In an open letter dated October 11, 2010, Ressa noted that she will not renew her six-year contract with the said network, saying that “It’s time for me (her) to move on." [3] She is now an author-in-residence at The International Center for Political Violence and Terrorism Research (ICPVTR) of Nanyang Technological University‘s S. Rajaratnam School of International Studies in Singapore. Ressa and ICPVTR aims to come up with a book "on the terrorism threats in Asia, their connections to the global jihad and how governments are responding to these evolving threats.” The book’s release is expected to coincide with the 10th anniversary of the September 11, 2001 attacks in the United States.

In late 2010, Esquire magazine hailed Ressa as the Philippines’ sexiest woman alive, citing her fearlessness in writing an eyewitness account of Al Qaeda “despite her size." She has her own website and has contributed write-ups for and Wall Street Journal.


I’ve been in Manila for two days now and it’s been a great couple of days. :)

My school is attending this national summit called Write Tool. I’ll just give you a gist of what Write Tool is about: It is a training program for young journalists formed back in 2007 as the need for quality instruction intensified. Instead of training that was contest-centered, it was decided that it would be the type of training that focused on excellence and ethics. The Write Tool Program, Caravan, and National Summit aims to mold campus journalits’ values and skills while they are still young. There are talks, workshops, and assessment tests held throughout the summit. The speakers and lecturers include the country’s finest journalists.

Our school joined the Write Tool National Caravan - Davao Leg back in January and though I’ve been in campus journalism for a long time, I was shocked at how informative the whole event was. Usually, journalism trainings would prove to be redundant and bland but Write Tool gave fresh approaches to writing, helpful tips, and inspired me. The talks were more than just about technicalities, they stressed that we, writers, have a crucial role to our society. Since then, I promised myself that I would do my best to uphold that role and when I heard about the National Summit to be held in Manila, my schoolmates and I were ecstatic.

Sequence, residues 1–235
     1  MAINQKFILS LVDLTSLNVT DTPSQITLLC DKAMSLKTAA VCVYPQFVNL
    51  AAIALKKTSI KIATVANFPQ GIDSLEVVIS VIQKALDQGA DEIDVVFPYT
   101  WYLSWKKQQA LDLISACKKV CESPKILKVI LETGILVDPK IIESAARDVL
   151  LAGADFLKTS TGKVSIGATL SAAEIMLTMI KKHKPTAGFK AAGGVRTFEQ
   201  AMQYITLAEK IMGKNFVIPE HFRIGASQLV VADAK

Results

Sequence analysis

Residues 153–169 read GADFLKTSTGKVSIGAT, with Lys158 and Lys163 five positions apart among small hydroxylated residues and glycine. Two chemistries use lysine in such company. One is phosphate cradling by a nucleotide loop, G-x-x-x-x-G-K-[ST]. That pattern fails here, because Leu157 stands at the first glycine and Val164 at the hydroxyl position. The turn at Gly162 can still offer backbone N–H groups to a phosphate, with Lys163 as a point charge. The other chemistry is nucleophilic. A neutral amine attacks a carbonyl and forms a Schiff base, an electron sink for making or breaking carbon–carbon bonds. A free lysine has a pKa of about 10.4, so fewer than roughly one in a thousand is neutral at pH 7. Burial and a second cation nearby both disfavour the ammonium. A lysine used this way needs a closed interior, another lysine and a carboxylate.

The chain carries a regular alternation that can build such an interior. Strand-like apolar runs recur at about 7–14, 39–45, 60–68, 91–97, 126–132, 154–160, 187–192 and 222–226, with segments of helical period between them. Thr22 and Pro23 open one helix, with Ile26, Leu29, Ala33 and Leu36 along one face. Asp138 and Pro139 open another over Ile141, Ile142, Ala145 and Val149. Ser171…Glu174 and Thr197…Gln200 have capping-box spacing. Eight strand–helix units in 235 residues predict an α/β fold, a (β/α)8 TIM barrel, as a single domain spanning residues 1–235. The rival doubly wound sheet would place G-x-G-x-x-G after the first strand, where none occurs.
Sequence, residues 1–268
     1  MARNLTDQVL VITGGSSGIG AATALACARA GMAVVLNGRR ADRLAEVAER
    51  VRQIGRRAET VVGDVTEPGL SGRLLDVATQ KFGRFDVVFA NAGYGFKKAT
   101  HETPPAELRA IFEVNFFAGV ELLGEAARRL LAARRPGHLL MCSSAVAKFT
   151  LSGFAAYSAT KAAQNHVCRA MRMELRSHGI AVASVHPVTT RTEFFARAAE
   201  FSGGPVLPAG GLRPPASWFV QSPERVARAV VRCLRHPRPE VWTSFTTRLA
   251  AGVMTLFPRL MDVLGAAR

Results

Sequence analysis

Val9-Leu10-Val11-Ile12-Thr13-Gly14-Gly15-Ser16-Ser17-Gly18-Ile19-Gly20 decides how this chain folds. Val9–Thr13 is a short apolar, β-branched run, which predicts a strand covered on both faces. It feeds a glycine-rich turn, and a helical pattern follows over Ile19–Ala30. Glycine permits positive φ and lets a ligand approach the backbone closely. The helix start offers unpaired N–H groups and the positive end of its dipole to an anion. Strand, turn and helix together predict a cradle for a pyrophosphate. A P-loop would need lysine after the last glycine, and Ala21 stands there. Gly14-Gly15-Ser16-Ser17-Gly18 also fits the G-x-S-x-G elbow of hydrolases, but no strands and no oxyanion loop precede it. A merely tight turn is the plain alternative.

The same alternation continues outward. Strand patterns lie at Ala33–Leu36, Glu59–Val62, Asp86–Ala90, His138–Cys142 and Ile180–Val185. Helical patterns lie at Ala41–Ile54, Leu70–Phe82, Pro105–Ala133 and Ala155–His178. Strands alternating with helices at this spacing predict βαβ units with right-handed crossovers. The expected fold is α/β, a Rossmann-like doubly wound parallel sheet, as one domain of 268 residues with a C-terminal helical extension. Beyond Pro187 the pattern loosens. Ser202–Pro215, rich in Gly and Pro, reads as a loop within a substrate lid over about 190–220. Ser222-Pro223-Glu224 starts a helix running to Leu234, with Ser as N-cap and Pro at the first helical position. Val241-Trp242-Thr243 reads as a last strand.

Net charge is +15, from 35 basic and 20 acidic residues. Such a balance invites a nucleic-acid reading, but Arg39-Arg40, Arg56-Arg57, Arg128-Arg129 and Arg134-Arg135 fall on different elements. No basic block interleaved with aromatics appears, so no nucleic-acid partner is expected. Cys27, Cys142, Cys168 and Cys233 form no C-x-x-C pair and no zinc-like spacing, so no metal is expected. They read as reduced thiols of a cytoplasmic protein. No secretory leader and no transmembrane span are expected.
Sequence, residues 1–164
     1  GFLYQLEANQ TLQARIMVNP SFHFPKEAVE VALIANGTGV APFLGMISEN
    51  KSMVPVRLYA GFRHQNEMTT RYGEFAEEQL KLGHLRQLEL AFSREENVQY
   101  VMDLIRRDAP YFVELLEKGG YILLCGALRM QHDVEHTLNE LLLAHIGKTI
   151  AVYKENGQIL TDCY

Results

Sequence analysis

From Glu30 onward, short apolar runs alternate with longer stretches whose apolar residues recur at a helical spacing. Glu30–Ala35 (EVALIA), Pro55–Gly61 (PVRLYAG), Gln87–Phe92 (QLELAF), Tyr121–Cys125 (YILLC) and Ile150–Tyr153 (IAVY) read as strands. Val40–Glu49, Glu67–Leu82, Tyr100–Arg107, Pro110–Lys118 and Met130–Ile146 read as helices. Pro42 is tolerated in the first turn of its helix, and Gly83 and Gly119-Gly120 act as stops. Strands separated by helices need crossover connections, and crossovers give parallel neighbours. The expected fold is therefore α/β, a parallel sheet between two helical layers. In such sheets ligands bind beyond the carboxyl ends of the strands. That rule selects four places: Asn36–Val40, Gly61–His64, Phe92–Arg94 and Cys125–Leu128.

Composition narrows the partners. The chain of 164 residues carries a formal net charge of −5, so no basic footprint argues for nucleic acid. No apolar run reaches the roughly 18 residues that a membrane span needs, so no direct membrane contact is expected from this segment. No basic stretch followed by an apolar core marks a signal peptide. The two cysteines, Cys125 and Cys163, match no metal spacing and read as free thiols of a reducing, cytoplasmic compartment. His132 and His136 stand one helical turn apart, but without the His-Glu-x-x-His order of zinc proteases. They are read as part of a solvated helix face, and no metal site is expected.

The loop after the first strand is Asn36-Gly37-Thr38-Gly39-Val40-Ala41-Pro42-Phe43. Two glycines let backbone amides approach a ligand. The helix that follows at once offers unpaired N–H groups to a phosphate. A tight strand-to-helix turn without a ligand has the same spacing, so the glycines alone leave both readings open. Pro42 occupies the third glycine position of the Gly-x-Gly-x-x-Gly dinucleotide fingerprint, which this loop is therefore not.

Today, February 23, was the first day of the summit. We started the day early, waking up at about 5 AM. We went to DLS-CSB and when we got there, we were told the School of Design and Arts was another building and we walked through Taft looking for it (Haha, tourists). When we got there, it was a beautiful site and my excitement grew. We heard about the program and I was just euphoric when we were told Maria Ressa and Charie Villa would be there. I’m a huge fan of their work. My mother is a news geek and she loves them both. She told me that I should take a picture with both of them as a souvenir to her. Moms. :)) Anyway, I didn’t know what to expect from them and the other well-known speakers, because I’d only ever seen them on the internet and on TV but I knew it was going to be awesome. And I was right. :)


January 12, 2012

Rappler, held a symposium today at school to discuss about Social Media for Social Change. The speakers were some of their top-notch journalists. 

Patricia Evangelista

and guess who..

Yes! It’s The Maria Ressa!

A very nice person I must say. Just by looking at her, you’ll know already that she really is smart! (she’s using my cocka-doodle-doo pen!)

Cathrene, Danah, Starly & Willy.

Other speakers were Veronica Pedrosa, a Filipina, a reporter in Al Jazeera English and Natashya Gutierrez, also a Filipina, a multimedia reporter of Rappler. They too were amazing. 

And just when she was about to leave.. (fan mode = ON!) (told you she was nice!) This was took by my “SHY” friend Alexa.

“Silence is consent. To see it and not say anything means it’s okay with you” - Patricia Evangelista

Social media starts in everyone of us. Now is the time that we should take a stand for everything that surrounds us. Let’s make a change!